Diagnosis of Pulmonary Embolism During Pregnancy: A Multicenter Prospective Management Outcome Study.

Righini, Marc; Robert-Ebadi, Helia; Elias, Antoine; Sanchez, Olivier; Le Moigne, Emmanuelle; Schmidt, Jeannot; Le Gall, Catherine; Cornuz, Jacques; Aujesky, Drahomir; Roy, Pierre-Marie; Chauleur, Céline; Rutschmann, Olivier T; Poletti, Pierre-Alexandre; Le Gal, Grégoire (2018). Diagnosis of Pulmonary Embolism During Pregnancy: A Multicenter Prospective Management Outcome Study. Annals of internal medicine, 169(11), pp. 766-773. American College of Physicians 10.7326/M18-1670

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Background Data on the optimal diagnostic management of pregnant women with suspected pulmonary embolism (PE) are limited, and guidelines provide inconsistent recommendations on use of diagnostic tests. Objective To prospectively validate a diagnostic strategy in pregnant women with suspected PE. Design Multicenter, multinational, prospective diagnostic management outcome study involving pretest clinical probability assessment, high-sensitivity D-dimer testing, bilateral lower limb compression ultrasonography (CUS), and computed tomography pulmonary angiography (CTPA). (ClinicalTrials.gov: NCT00740454). Setting 11 centers in France and Switzerland between August 2008 and July 2016. Patients Pregnant women with clinically suspected PE in emergency departments. Intervention Pulmonary embolism was excluded in patients with a low or intermediate pretest clinical probability and a negative D-dimer result. All others underwent lower limb CUS and, if results were negative, CTPA. A ventilation-perfusion (V/Q) scan was done if CTPA results were inconclusive. Pulmonary embolism was excluded if results of the diagnostic work-up were negative, and untreated pregnant women had clinical follow-up at 3 months. Measurements The primary outcome was the rate of adjudicated venous thromboembolic events during the 3-month follow-up. Results 441 women were assessed for eligibility, and 395 were included in the study. Among these, PE was diagnosed in 28 (7.1%) (proximal deep venous thrombosis found on ultrasonography [n = 7], positive CTPA result [n = 19], and high-probability V/Q scan [n = 2]) and excluded in 367 (clinical probability and negative D-dimer result [n = 46], negative CTPA result [n = 290], normal or low-probability V/Q scan [n = 17], and other reason [n = 14]). Twenty-two women received extended anticoagulation during follow-up, mainly for previous venous thromboembolic disease. The rate of symptomatic venous thromboembolic events was 0.0% (95% CI, 0.0% to 1.0%) among untreated women after exclusion of PE on the basis of negative results on the diagnostic work-up. Limitation There were several protocol deviations, reflecting the difficulty of performing studies in pregnant women with suspected PE. Conclusion A diagnostic strategy based on assessment of clinical probability, D-dimer measurement, CUS, and CTPA can safely rule out PE in pregnant women. Primary Funding Source Swiss National Foundation for Scientific Research, Groupe d'Etude de la Thrombose de Bretagne Occidentale, and International Society on Thrombosis and Haemostasis.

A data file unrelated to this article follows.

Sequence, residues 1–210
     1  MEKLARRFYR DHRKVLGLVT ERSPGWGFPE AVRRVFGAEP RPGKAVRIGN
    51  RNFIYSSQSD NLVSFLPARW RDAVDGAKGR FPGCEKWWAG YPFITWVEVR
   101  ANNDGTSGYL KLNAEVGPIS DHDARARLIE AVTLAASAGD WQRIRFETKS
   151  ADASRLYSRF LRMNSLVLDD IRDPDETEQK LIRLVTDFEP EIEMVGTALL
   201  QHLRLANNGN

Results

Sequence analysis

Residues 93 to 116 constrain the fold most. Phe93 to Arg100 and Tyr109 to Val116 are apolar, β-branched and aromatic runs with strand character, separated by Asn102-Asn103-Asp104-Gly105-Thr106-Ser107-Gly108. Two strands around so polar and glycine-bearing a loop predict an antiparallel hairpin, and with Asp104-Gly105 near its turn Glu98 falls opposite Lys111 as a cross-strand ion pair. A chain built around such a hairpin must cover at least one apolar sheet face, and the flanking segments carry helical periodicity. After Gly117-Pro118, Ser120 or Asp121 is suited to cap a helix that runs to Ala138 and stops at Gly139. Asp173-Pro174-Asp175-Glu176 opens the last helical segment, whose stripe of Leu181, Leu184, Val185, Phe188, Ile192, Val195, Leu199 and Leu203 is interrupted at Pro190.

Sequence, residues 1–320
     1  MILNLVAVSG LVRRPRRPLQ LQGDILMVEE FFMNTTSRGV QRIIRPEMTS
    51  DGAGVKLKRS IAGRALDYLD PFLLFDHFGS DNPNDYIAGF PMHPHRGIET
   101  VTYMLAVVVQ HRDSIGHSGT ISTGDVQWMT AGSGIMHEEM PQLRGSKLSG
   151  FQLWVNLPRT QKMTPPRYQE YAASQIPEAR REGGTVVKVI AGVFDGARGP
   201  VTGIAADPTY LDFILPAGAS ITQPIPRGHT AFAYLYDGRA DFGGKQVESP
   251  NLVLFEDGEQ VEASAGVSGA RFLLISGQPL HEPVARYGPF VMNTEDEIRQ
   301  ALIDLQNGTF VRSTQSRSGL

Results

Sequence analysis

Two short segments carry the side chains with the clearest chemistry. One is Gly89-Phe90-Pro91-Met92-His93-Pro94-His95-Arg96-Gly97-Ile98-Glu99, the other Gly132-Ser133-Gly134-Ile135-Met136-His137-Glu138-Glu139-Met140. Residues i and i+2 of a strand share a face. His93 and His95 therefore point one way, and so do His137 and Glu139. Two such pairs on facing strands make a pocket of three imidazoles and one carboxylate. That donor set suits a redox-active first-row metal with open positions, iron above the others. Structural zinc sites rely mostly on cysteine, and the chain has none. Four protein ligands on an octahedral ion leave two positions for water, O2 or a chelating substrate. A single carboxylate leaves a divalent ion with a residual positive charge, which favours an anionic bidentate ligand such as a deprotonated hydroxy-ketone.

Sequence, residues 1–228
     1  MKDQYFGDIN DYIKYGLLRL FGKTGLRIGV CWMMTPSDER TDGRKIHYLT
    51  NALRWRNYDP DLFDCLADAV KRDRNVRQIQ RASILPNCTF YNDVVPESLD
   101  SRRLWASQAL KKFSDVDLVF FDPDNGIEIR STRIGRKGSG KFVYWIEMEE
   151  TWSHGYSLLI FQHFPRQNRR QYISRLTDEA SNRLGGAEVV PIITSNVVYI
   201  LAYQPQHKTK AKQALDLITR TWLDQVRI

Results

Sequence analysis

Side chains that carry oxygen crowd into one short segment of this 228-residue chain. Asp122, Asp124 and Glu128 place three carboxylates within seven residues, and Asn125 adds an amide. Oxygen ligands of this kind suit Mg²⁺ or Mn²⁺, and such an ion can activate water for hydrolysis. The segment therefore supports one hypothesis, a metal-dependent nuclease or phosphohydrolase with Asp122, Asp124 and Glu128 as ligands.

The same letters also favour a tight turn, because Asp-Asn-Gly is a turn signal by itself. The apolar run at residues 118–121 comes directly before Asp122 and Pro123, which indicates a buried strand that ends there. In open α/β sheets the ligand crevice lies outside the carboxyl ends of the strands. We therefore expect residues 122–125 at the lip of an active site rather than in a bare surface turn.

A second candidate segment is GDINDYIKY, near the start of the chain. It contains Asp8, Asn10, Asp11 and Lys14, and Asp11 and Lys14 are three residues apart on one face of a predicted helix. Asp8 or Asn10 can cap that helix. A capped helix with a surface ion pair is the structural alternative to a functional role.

Item Type:

Journal Article (Original Article)


04 Faculty of Medicine > Department of General Internal Medicine (DAIM) > Clinic of General Internal Medicine

UniBE Contributor:

Aujesky, Drahomir


600 Technology > 610 Medicine & health




American College of Physicians




Christine Baumgartner

Date Deposited:

18 Jan 2019 11:18

Last Modified:

02 Dec 2019 17:58

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